(i) own any interest in, manage, or serve as an employee of or consultant, business advisor or independent contractor, including in any sales or marketing role, for any individual, corporation, partnership, association, joint venture or other entity which is engaged in a business in competition (i.e., electrical distribution and wholesale and related business activities, a "Competitor") with the Company in the Designated Area; provided that your ownership of up to two percent (2%) of the shares of stock or other securities of a Competitor whose shares or securities are traded on a public exchange shall not violate the terms of this provision[.]

Although Rexel points to the fact that the non-compete is limited temporally and geographically, it is not reasonably limited in terms of capacity.[60] Rexel's argument that the non-compete is valid because it is limited only to the Designated Area is unavailing. A territorial restriction that is reasonable is only one element[61] of a reasonable non-compete and cannot save a non-compete that is overboard in terms of capacity.[62] Although Mr. Spell worked in sales, Rexel acknowledged that under the Agreement, Mr. Spell could not even work as a janitor at a competing business, such as Lowe, within the "Designated Area."[63] Here, the non-compete clause restricts Mr. Spell from working in "any capacity" and is therefore void.

As to the non-solicitation clauses, the Court need not engage in a reasonableness analysis, because the old law is clear: "if one non-competition or non-solicitation covenant in an employment agreement is too broad, any other covenants restricting competition or solicitation in the agreement will not be enforced either."[64]

c. Non-Recruitment Clause Severed

Under old Georgia law, a valid non-recruit covenant must contain a territorial limitation.[65] Unlike non-compete and non-solicitation covenants, Georgia courts have found that a court may sever an invalid non-compete clause from a valid covenant not to recruit.[66]

The 2011 Agreement provides:

you agree that during your Company employment and for the twelve (12) month period thereafter, within a radius of one hundred (100) miles from the Company branches in Thomasville, Florida [sic], Tallahassee, Florida, and Valdosta, Georgia (the "Designated Area"), and so long as the Company carries on a like business in the Designated Area, you shall not:
(iv) request, induce or attempt to influence any employee of the Company or any other Company affiliate to terminate his or her employment with the Company or any Company affiliate, or attempt to dissuade any then current employee of the Company or any Company affiliate from continuing employment with the Company or any Company affiliate.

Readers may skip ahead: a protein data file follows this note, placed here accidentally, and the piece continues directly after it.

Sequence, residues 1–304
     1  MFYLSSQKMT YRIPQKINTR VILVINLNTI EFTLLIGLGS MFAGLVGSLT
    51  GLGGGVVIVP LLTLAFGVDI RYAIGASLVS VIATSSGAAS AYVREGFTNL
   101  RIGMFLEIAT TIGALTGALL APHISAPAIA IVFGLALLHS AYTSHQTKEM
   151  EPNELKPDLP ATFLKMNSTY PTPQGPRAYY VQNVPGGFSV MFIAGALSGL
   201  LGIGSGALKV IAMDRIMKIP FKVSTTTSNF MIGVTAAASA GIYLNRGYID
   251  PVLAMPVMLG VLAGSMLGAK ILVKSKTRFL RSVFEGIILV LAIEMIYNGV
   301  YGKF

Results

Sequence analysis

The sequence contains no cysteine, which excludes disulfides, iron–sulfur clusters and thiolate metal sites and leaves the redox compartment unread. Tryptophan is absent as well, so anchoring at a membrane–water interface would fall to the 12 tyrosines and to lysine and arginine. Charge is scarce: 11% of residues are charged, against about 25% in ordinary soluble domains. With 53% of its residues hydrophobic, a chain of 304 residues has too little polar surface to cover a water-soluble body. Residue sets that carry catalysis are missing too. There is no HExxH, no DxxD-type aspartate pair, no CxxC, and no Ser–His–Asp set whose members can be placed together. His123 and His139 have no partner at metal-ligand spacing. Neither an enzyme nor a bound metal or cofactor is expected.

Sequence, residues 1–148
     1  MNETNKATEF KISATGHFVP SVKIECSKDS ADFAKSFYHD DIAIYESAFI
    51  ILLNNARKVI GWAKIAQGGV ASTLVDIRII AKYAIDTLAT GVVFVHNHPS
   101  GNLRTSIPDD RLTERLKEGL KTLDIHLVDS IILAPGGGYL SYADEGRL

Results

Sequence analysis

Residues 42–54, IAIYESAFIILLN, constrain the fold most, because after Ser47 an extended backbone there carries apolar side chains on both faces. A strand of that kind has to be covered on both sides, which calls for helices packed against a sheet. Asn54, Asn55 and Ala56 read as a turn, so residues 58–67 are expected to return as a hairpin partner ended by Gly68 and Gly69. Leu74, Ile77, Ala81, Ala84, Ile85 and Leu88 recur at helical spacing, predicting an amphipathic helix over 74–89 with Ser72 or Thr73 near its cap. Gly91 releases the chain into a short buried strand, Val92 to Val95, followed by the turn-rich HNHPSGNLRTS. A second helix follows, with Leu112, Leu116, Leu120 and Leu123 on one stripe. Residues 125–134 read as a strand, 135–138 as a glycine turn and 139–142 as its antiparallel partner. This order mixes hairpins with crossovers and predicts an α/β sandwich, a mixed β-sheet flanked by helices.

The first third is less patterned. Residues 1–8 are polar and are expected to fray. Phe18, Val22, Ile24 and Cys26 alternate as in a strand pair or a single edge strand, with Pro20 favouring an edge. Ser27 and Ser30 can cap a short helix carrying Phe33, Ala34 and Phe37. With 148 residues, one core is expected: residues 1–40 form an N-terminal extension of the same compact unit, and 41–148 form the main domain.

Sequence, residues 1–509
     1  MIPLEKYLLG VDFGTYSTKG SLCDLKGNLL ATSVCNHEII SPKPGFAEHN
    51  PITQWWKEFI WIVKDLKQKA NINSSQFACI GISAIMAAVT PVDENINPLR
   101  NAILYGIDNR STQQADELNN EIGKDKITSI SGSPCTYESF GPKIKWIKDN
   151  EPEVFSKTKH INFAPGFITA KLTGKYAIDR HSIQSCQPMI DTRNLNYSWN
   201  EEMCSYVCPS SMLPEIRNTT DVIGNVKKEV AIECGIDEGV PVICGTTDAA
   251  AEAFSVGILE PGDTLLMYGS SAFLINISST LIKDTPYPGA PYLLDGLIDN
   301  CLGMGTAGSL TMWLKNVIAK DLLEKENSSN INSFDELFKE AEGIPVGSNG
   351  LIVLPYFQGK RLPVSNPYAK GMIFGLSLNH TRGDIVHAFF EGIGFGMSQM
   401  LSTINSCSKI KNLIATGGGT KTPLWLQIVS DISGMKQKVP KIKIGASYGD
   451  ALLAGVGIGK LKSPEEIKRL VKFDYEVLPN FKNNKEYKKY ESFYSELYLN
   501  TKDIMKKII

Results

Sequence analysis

Plaintiffs assert that section (iv) is an overbroad non-requirement clause because it does not contain a territorial restriction.[67] The Court disagrees and finds section (iv) of the restrictive covenants to be a valid non-recruitment clause of Rexel employees. The first paragraph of the restrictive covenants is a general provision encompassing all the subparagraph sections clearly creating a territorial limitation restricted to the Designated Area and is thus reasonable in its scope. Therefore, the Court finds the non-recruit in the 2011 Agreement remains in force.

d. Choice of Law Provision

Rexel argues that even if the 2011 Agreement controls, the 2011 Agreement's choice of law clause is valid and "Florida law shall govern any questions regarding the interpretation or enforcement of the provisions."[68] Where a contract has a choice of law provision that purports to apply the law of another jurisdiction, Georgia courts engage in a two-step analysis to determine if Georgia law should apply. First, the court must determine whether there were significant contacts with Georgia, such that the application of Georgia law would be "neither arbitrary nor constitutionally impermissible."[69] Second, the court must determine whether the law of another jurisdiction would contravene the public policy of Georgia. If so, Georgia law applies.[70] Thus, if a restrictive covenant is overboard under Georgia law and the choice-of-law provision which designates a jurisdiction that would uphold the covenants, then that jurisdiction's law will not be applied to enforce the covenant in Georgia.[71]

Florida law allows a court to consider only the legitimate business interests of the party seeking to enforce the covenant and requires courts to modify, rather than invalidate, any restrictive covenants that violate Florida law.[72] The Florida court cannot consider the impact of the restraint on the party against whom enforcement is sought, a necessary requirement in Georgia.[73] Moreover, a Florida court would uphold a non-compete that prohibits an employee from working in any capacity with a competitor.[74] Because under Florida law the restrictive covenants would be enforced or at least blue-penciled, they offend Georgia public policy. Therefore, this Court finds the choice of law provision invalid.